4Stir in the tomatoes, basil, and parmesan cheese, and then cook for one minute. Use pasta tongs to transfer the noodles, tomatoes, and basil to a serving dish. Leave the liquid in the skillet.
- To Finish
1Bring the liquid left in the skillet to a simmer.
2Combine cornstarch and cold water in a small bowl, then whisk into the simmering liquid. Cook while whisking until the liquid thickens to a sauce; about 1 minute. Taste the sauce and season with salt.
3Pour the sauce over the zucchini, tomatoes, and basil. Finish with more parmesan cheese on top and serve immediately.
Adam and Joanne’s Tips
- Making Zucchini Noodles Without a Spiralizer: The spiralizer is not the only way to make noodles. You can use a julienne vegetable peeler or a mandoline. You can also use a standard vegetable peeler to make wide noodles or ribbons.
- Tomatoes: Other varieties of tomatoes work (like cherry tomatoes), you need 12 ounces. Canned tomatoes also work, you may want to hold back some of the liquid in the can.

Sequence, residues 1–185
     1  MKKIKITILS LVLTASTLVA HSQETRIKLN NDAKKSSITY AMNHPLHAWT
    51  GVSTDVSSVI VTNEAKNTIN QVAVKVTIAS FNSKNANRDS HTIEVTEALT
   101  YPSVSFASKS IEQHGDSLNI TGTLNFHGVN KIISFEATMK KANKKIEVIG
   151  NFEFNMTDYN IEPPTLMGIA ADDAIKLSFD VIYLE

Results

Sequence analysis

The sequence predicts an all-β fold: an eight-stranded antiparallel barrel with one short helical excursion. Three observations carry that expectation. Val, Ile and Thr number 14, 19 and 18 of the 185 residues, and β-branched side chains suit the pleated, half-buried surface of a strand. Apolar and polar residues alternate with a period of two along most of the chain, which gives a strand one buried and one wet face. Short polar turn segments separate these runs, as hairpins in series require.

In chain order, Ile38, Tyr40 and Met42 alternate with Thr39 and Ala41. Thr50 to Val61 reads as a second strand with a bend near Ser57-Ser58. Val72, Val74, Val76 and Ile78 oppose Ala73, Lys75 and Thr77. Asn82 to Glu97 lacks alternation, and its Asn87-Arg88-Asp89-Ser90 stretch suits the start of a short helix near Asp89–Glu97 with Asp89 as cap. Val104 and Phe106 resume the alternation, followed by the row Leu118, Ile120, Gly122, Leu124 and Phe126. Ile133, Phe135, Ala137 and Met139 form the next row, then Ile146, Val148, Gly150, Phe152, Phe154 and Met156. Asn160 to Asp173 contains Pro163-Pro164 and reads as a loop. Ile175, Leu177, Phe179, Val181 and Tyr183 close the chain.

- Extra liquid in the pan: Don’t be surprised if liquid collects at the bottom of the serving dish. It mixes with tomato, garlic, cheese, and olive oil, so it’s delicious.
- Vegetarian option: Parmesan cheese may contain animal rennet, so it’s crucial to check labels before use. Fortunately, several American brands offer vegetarian Parmesan cheese alternatives or use nutritional yeast. When using nutritional yeast, add to your tastes. I’d start with two tablespoons and increase from there.
- Nutrition Facts: The nutrition facts provided below are estimates. We have used the USDA database to calculate approximate values. We assumed 1/2 teaspoon salt.
If you make this recipe, snap a photo and hashtag it #inspiredtaste — We love to see your creations on Instagram and Facebook! Find us: @inspiredtaste
Nutrition Per Serving
1/4 of the recipe